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Computer Vision Advances

The Microsoft Research Cambridge team receiving their gold medal and MacRobert Award winners’ certificate from Sir Garth Morrison KT CBE in June 2011. From left to right: Professor Andrew Blake FREng FRS, Dr Jamie Shotton, Mat Cook, Dr Andrew Fitzgibbon and Toby Sharp

Late last year, Microsoft launched Kinect for Xbox 360, a new type of video game controller in which a sensor tracks the motion of the player’s body and maps body movements into actions in the game world. The team of engineers from Microsoft Research Cambridge who pioneered the machine-learning based component of the computer vision software for the Kinect went on to win the 2011 MacRobert Award. Ingenia asked two of these researchers, Dr Andrew Fitzgibbon and Dr Jamie Shotton, to explain how they helped to develop controller-free computing.

In November 2010, Microsoft unveiled Kinect for Xbox 360, a recently developed motion sensor that was said to bring games and entertainment to life in ‘extraordinary new ways’. Just two months later, eight million devices had been sold, making Kinect the fastest selling consumer electronics device in history.

The motion sensing input device, developed for the Xbox 360 video game console, is based around a webcam-like peripheral, but with a key difference: the camera outputs 3D rather than 2D images. It enables a user to control and interact with the Xbox 360 without the need of a game controller; instead, the game player simply moves or speaks. Films and music can be controlled with the wave of a hand or the sound of the voice while video gamers can control their in-game avatar by simply kicking or jumping, for example.

A key component of the system is the computer vision software which converts the raw images from the camera into a few dozen numbers representing the 3D location of the body joints. A core part of that software was developed at Microsoft Research Cambridge (MSRC) by Dr Jamie Shotton, Dr Andrew Fitzgibbon, Mat Cook, Toby Sharp, and Professor Andrew Blake FREng.

Looking for solutions

Computer vision has been a research topic since around the mid-1960s. Legend has it that MIT’s Professor Seymour Papert set “the vision processor” as a summer project for an undergraduate, but discovered by autumn that the problem was harder than it seemed, difficult enough to give as subjects for doctorate analysis.

Several hundred PhDs later, aspects of the problem still remain unsolved, but significant progress has been made and the fruits of researchers’ labours are now increasingly impacting on our lives. Today, vision algorithms are used daily by tens of millions of consumers.

Early commercial applications included industrial inspection and number-plate recognition. Computer vision was snapped up by the entertainment industry for use in film special effects and computer games. In the early ‘90s, British company Oxford Metrics developed a vision-based human motion capture system. This could recover 3D body positions from multiple cameras placed in a studio – provided the user wore a dark bodysuit with retro-reflective spherical markers. Following this, the race was on to develop motion capture systems that use only a single camera and have no need of special markers. One of the leading research groups was led by Blake at Oxford university, and later at Microsoft, which in 2000 and 2001 published some of the seminal papers in motion capture from a 2D image sequence.

Progress in image analysis from a single 2D camera surged in the late 1990s, when researchers began to devise algorithms that could recover 3D information from video sequences. This allowed the film industry to integrate real-world footage with computer-generated special effects.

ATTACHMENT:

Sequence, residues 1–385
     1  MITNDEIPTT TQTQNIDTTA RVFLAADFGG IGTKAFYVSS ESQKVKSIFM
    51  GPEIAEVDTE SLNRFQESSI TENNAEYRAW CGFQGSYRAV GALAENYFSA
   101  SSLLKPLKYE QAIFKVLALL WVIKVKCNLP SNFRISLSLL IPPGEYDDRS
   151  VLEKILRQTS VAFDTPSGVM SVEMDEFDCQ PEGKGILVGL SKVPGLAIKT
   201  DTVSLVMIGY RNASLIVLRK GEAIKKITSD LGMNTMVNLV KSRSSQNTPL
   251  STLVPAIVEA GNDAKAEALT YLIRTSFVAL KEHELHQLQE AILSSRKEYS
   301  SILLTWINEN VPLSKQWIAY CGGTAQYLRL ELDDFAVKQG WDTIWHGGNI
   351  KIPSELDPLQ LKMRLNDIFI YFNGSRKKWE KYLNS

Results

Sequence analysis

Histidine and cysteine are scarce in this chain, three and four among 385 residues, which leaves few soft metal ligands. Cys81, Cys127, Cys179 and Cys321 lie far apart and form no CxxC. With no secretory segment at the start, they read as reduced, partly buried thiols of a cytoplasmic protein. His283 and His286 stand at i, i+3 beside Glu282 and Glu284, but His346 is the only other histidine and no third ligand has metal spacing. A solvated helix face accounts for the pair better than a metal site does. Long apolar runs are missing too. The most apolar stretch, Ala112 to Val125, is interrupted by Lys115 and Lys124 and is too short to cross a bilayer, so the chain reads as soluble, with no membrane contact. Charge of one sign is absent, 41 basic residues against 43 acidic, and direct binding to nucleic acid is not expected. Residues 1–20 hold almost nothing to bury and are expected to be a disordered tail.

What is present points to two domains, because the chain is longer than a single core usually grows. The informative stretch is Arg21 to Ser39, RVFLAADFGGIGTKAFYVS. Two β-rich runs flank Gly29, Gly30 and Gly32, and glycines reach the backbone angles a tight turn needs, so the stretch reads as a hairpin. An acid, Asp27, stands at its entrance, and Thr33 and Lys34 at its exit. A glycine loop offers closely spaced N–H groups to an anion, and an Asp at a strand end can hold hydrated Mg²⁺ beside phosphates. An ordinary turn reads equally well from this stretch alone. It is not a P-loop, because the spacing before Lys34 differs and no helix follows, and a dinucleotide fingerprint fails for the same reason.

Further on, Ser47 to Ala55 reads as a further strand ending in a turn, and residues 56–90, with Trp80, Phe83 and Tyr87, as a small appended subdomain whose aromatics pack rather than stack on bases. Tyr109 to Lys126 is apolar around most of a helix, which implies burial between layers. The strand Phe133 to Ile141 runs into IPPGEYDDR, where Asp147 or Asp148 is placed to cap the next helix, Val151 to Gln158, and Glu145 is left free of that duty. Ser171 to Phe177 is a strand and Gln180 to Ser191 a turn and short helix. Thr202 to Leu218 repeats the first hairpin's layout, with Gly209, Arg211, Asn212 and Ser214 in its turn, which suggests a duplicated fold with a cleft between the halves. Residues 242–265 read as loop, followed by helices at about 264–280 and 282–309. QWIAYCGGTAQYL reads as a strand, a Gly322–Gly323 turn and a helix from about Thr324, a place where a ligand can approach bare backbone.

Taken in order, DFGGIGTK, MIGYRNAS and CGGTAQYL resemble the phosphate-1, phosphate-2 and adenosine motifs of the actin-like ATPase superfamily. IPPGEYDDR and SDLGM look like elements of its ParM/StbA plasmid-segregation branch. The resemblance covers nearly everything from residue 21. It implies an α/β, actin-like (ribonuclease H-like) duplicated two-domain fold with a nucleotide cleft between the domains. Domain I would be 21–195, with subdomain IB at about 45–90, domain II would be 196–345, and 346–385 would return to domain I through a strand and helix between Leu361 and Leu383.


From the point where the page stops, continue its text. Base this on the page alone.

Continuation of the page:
For example, Boujou an automatic camera tracker developed by Fitzgibbon and colleagues from the Oxford Metrics Group and Oxford University’s Visual Geometry Group, was developed to insert computer graphics into live-action footage in 3D. Used in myriad films and television shows, including Charlotte’s Web, Buffy the Vampire Slayer and the Harry Potter series, the program won an Emmy award in 2002.

But while 3D measurement was one focus of computer vision research, the new millennium saw many researchers tackle a seemingly harder problem: general object recognition. Could algorithms be devised to label every single object within a digital image (see figure 1)? To solve this problem, software models of each object category would have to be automatically derived from data, rather than by programmers.

The MSRC research group, then working with Dr Jamie Shotton, focused on high-speed machine learning algorithms such as ‘decision trees’ and ‘randomised forests’. These performed ‘object segmentation’, which involved computing a label for every pixel within an image, indicating the class of object to which that pixel belonged.

Rapid progress

Software aside, Kinect for Xbox360 was only possible with the development of real-time 3D cameras (see figures2 and3). Prior to Microsoft Research’s involvement in Kinect, several start-up companies had been building these cameras, some of which had attracted the attention of Alex Kipman, a visionary designer working in Xbox Incubation, at Microsoft.

Kipman and his team had taken a 3D camera, and built a human body tracking system that, while functioning impressively well, had one fatal flaw. It could capture slow movements but would cease to work if the subject moved too fast.

This was because Kipman and his team’s algorithm was based on the assumption that, given the body position (the ‘pose’) in the previous video frame just a thirtieth of a second ago, one could find the position in the current frame by trying several “nearby” poses and evaluating which best matched the current frame. However, with fast motion, the new position was not necessarily close to the previous frame’s body position, and this could lead to a compounding error and long-term failure.

Computer vision researchers had been aware of this problem for some time, and avoided compounding errors by constructing a detection algorithm. This would analyse a single 3D image, take hundreds of thousands of raw depth measurements and convert these into a few dozen numbers that would represent the body pose.